A phrase we hear more and more often nowadays is that herbs and other natural remedies can be as effective as traditional treatments, often without the same negative side effects. Though herbs have been used for hundreds of years to heal, scientists are finally starting to substantiate these plants’ abilities to alleviate arthritis pain, reduce high blood sugar and cholesterol, and help with many other conditions. They’re even discovering amazing new powers in the best healing herbs.
Of course, we’re not here to say yes or no to any of that, but like a lot of us, finding something other than the popping a pill method is always worth investigating and if there is something to be gained from our naturally grown herbs, then we for one are all for giving it a try, or at the very least, exploring a little more.
If that’s what you’d like to do then Cardiff University are running a part time course focusing on just that. After months of lockdown, maybe exploring other methods of health is for you?
This course will focus on the traditional use of plants in Western herbal medicine, particularly those growing wild or easily cultivated in the UK, but will also consider plants used in other cultures around the world.
There will be an introduction to the main body systems and the safe and effective use of plants for common ailments. Practical sessions will offer the opportunity to learn how to make herbal infusions, decoctions, tinctures, creams, ointments, oils and poultices. The range of topics to be covered is as follows:
- botany – plant structure and identification – in the classroom, and in the field
- plant chemistry
- essential oils – chemistry and production
- human anatomy and physiology – pathology of the body systems
- herbs for specific conditions
- preparation and application of: infusions, decoctions, tinctures, oils, creams and ointments
- the actions of herbs and their physiological effects
- traditional herbal medicine and it’s origins – China, Tibet, India, America
- safety first – precautions and guidance on correct usage.
This course is ideal for anyone interested in the practical aspects of herbal medicine.
So we did a little bit of research ourselves and came up with the following information. Did you know that the Romans used to sting themselves with nettles, and the Anglo Saxon’s used garlic and sheep’s wool to cure ear ache.
Turmeric: Ease Arthritis
A helping of curry could relieve your pain. That’s because turmeric, a spice used in curry, contains curcumin, a powerful anti-inflammatory that works similarly to Cox-2 inhibitors, drugs that reduce the Cox-2 enzyme that causes the pain and swelling of arthritis.
Cinnamon: Lower Blood Sugar
In a recent German study of type 2 diabetics, taking cinnamon extract daily successfully reduced blood sugar by about 10%. It might also lower cholesterol. Cinnamon packs a one-two punch for people with type 2 diabetes by reducing related heart risks. In another study of diabetics, it slashed cholesterol by 13% and triglycerides by 23%.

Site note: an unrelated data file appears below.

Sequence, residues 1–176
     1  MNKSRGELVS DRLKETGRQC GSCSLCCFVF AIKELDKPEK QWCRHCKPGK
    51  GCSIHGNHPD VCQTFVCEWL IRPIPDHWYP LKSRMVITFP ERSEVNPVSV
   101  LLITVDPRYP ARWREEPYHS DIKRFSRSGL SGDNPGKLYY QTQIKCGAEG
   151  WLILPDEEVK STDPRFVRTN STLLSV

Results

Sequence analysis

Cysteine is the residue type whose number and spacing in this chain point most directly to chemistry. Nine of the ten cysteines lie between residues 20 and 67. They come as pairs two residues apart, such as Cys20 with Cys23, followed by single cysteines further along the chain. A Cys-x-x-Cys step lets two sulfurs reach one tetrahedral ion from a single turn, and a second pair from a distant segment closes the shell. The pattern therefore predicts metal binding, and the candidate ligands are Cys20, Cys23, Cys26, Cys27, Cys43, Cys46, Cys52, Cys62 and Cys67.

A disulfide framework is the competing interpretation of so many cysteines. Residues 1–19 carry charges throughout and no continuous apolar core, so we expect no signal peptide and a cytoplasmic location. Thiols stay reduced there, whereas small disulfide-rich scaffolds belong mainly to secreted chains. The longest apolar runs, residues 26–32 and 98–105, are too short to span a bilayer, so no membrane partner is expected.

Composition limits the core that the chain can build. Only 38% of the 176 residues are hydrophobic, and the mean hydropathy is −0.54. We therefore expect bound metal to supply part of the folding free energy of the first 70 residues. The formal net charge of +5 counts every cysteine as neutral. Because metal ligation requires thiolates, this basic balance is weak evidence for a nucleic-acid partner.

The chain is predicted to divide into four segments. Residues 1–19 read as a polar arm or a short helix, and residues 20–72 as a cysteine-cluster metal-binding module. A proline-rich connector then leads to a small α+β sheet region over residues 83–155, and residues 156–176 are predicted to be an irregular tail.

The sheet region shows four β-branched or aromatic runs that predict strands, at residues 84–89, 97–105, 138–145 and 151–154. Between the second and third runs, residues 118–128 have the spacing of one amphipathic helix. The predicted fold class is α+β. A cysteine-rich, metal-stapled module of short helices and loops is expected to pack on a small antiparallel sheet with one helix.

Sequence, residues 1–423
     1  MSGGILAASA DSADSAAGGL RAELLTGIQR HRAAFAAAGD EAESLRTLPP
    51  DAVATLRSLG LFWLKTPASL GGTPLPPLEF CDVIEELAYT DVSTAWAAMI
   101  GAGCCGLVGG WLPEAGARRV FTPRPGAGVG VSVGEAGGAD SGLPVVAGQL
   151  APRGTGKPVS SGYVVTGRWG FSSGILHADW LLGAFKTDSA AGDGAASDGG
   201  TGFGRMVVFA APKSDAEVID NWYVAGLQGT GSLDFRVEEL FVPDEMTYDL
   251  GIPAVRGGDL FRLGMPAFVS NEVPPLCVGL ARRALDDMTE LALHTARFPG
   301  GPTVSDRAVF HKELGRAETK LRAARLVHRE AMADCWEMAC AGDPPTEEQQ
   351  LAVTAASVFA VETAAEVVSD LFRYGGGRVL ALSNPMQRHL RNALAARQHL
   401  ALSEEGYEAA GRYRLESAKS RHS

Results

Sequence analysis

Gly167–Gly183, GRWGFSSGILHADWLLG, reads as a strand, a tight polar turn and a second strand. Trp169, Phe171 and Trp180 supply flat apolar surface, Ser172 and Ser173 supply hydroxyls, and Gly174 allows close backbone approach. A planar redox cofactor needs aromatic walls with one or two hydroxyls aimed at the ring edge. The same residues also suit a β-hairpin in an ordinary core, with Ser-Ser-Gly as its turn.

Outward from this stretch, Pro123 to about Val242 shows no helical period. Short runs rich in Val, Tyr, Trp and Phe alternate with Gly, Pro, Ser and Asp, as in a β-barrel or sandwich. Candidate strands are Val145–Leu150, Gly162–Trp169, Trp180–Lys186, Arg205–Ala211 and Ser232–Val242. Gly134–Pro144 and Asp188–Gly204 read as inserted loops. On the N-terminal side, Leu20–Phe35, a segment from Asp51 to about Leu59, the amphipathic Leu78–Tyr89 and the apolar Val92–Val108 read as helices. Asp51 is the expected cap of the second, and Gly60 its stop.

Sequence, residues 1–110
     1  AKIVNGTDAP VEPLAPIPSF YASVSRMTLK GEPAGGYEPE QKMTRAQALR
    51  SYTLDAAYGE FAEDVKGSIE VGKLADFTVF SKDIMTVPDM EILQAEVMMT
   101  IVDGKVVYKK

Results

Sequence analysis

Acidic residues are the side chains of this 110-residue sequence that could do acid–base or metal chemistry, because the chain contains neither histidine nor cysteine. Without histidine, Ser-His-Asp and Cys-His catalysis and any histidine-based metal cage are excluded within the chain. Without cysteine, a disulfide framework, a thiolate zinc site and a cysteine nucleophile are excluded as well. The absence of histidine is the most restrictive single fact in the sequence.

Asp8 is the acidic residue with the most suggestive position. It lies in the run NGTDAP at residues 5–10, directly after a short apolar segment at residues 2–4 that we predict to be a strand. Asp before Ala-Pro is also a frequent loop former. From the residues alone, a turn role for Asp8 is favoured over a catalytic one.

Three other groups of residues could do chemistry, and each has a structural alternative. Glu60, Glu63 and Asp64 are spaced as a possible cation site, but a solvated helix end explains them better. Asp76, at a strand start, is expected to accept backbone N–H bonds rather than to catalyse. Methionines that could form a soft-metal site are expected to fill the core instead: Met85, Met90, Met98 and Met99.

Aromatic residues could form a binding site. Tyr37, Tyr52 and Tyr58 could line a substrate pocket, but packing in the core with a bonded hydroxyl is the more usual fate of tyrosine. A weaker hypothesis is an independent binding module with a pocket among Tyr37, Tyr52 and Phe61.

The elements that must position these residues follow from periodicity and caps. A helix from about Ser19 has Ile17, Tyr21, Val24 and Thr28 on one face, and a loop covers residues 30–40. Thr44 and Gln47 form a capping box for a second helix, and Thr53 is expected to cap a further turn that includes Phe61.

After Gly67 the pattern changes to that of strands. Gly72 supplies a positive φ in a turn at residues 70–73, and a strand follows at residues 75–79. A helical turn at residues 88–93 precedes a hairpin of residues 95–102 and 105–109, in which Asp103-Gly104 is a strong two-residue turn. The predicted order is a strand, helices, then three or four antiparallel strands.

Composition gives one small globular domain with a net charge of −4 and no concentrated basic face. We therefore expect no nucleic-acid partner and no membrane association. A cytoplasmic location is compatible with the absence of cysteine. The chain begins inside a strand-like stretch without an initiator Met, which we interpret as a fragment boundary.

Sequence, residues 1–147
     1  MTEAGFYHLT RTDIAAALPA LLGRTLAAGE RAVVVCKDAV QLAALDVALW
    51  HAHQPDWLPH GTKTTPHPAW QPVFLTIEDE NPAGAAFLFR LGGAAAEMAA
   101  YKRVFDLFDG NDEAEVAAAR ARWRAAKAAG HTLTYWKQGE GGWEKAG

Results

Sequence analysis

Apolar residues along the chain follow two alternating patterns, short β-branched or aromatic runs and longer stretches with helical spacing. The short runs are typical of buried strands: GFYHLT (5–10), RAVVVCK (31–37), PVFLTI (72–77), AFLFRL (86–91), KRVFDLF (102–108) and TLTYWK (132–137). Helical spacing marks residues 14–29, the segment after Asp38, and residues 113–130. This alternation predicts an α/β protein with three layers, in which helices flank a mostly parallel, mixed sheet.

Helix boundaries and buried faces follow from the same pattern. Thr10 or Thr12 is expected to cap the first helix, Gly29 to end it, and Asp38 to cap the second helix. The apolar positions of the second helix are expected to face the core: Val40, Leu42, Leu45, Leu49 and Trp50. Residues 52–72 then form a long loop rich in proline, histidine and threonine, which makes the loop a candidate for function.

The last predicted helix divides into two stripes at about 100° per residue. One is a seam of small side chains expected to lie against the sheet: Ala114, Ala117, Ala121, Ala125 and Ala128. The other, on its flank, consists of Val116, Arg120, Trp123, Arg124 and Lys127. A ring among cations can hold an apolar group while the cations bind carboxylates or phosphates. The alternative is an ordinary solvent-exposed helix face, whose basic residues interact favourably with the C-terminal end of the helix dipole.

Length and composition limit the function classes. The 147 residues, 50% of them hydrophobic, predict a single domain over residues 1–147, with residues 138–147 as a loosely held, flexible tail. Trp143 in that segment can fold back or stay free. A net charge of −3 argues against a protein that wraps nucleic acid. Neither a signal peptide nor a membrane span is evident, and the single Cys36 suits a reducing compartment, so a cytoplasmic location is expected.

Rosemary: Avoid Carcinogens
Frying, or grilling meats at high temperatures creates HCAs (heterocyclic amines), potent carcinogens implicated in several cancers. But HCA levels are significantly reduced when rosemary extract (a common powder) is mixed into beef before cooking.
Ginger: Avert Nausea
Ginger can prevent stomach upset from many sources, including pregnancy, motion sickness, and chemotherapy. “This is one of Mum’s remedies that really works,” says Suzanna M. Zick, a research investigator at the University of Michigan. A powerful antioxidant, ginger works by blocking the effects of serotonin, a chemical produced by both the brain and stomach when you are nauseated, and by stopping the production of free radicals, another cause of upset in your stomach. In one study of cruise ship passengers traveling on rough seas, 500 mg of ginger every 4 hours was as effective over the counter motion-sickness medication.
St. John’s Wort: Soothe Your Worries
You probably know that research has confirmed this herb’s power to relieve mild to moderate depression and anxiety as effectively as many drugs without a lot of the side effects. It might also help you sleep more soundly. St. John’s wort not only contains melatonin, the hormone that regulates our sleep-wake cycles, but it also increases the body’s own melatonin, improving sleep.
Garlic: Lower Cancer Risk
High consumption of garlic lowered rates of ovarian, colorectal, and other cancers, says a research review in the Journal of Clinical Nutrition. A Japanese clinical trial also found that after a year of taking aged garlic extract supplements, people with a history of colon polyps saw a reduction in the size and number of the precancerous growths detected by their doctors.
The Cardiff University HERBAL MEDICINE course begins next January and runs for 8 Saturday sessions through till June. If you’d like more details, go here HERBAL
All health content on southwaleslife.com is provided for general information only, and should not be treated as a substitute for the medical advice of your own doctor or any other health care professional. If you have any concerns about your general health, you should contact your local health care provider.